Dynamic risk assessment based on positron emission tomography scanning in diffuse large B-cell lymphoma: Post-hoc analysis from the PETAL trial

Christine Schmitz, Andreas Hüttmann, Stefan P. Müller, Maher Hanoun, Ronald Boellaard, Marcus Brinkmann, Karl-Heinz Jöckel, Ulrich Dührsen, Jan Rekowski

Research output: Contribution to journalArticleAcademicpeer-review

Abstract

Background: Valid prognostic tools are needed to guide risk-adjusted treatment approaches in patients with diffuse large B-cell lymphoma (DLBCL). Methods: We assessed total metabolic tumor volume (TMTV) and standardized uptake value (SUV)-based interim positron emission tomography (iPET) response in 510 patients with DLBCL participating in the positron emission tomography-guided therapy of aggressive non-Hodgkin lymphomas (PETAL) trial (NCT00554164). TMTV was analyzed with a relative (SUV41max) and a fixed thresholding method (SUV4), and iPET was evaluated using the ΔSUVmax procedure. We determined associations between TMTV and international prognostic index (IPI) factors using Welch's t-test, investigated effects of TMTV, iPET response, and the IPI factors on time to progression (TTP), progression-free survival (PFS), and overall survival (OS) by Cox regression, and estimated the outcome using Kaplan–Meier curves. Findings: TMTV was associated with all IPI factors except age. Irrespective of the thresholding method used, TMTV and iPET response were correlated with TTP, PFS, and OS, and remained the only independent outcome predictors in Cox regression analysis. By dichotomizing TMTV (cut-off: 328 cm³ by SUV41max) and iPET response (cut-off: 66% SUVmax reduction), we defined three groups at different risk of treatment failure (low [57.1% of patients]: low TMTV/good iPET response; intermediate [37.8%]: high TMTV/good iPET response or low TMTV/poor iPET response; and high [5.1%]: high TMTV/poor iPET response), with corresponding 2-year probabilities of 93.8% vs. 67.3% vs. 38.5% for TTP, 90.9% vs. 62.5% vs. 29.9% for PFS, and 95.5% vs. 77.4% vs. 37.1% for OS. Interpretation: The PET-based risk model proposed may help identify patients who may benefit from treatment modifications or novel approaches.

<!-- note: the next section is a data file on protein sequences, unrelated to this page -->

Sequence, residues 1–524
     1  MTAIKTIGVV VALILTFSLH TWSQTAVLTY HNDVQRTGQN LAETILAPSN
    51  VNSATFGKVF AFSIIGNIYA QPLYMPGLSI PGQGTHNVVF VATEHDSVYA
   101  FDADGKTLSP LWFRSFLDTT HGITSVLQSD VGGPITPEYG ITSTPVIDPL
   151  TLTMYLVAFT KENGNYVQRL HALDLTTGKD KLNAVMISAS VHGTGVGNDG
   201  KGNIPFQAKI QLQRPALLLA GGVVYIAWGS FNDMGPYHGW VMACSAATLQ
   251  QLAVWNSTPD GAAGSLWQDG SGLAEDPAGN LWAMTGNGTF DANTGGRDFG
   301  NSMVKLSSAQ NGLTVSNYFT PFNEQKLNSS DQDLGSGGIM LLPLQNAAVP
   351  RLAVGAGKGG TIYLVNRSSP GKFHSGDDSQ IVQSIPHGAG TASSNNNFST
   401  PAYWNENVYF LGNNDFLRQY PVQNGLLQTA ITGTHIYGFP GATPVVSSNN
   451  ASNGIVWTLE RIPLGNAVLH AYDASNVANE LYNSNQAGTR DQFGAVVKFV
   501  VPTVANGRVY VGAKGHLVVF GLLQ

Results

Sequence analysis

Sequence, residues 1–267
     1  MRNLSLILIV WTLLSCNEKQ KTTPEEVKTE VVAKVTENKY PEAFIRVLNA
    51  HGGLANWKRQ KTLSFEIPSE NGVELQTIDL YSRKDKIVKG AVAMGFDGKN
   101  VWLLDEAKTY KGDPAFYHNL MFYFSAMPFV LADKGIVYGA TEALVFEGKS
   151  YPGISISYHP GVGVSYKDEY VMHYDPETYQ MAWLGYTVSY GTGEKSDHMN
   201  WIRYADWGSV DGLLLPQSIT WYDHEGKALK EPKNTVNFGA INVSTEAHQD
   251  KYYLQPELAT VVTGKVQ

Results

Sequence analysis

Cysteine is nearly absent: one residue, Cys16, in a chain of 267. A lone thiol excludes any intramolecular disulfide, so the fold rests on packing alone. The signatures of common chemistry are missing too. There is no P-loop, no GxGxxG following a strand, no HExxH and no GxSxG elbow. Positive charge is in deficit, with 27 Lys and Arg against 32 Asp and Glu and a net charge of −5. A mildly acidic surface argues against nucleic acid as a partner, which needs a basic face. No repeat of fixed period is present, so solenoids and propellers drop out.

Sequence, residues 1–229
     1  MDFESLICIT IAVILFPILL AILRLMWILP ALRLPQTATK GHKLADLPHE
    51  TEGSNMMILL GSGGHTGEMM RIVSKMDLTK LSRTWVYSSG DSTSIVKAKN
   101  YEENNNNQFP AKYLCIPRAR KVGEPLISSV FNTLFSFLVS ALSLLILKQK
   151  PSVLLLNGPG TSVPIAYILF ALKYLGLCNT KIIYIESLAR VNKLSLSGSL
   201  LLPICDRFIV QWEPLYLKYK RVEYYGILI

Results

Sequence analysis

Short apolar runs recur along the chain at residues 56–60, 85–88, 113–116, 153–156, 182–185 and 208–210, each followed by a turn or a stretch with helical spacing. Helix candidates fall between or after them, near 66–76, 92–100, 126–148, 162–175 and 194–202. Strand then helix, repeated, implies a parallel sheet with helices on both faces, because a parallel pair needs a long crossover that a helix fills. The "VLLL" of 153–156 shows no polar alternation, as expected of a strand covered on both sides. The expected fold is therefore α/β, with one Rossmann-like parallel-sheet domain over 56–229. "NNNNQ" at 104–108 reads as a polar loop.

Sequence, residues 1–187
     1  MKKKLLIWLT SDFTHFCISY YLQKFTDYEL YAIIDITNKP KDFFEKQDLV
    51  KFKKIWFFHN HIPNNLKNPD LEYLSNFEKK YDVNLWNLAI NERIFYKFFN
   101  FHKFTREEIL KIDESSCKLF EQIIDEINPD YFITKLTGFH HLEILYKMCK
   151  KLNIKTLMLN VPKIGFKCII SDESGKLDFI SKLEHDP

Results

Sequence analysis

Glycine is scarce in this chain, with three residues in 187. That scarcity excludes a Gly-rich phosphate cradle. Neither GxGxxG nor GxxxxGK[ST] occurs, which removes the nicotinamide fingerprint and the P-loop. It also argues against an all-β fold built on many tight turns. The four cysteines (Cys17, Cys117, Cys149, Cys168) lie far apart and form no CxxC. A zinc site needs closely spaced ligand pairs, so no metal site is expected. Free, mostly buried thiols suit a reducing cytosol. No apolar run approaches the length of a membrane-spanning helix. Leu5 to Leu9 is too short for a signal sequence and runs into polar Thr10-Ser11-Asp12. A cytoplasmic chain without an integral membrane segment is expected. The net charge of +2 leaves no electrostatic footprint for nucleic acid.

Original languageEnglish
Pages (from-to)25-36
Number of pages12
JournalEuropean Journal of Cancer
Volume124
DOIs
Publication statusPublished - 1 Jan 2020

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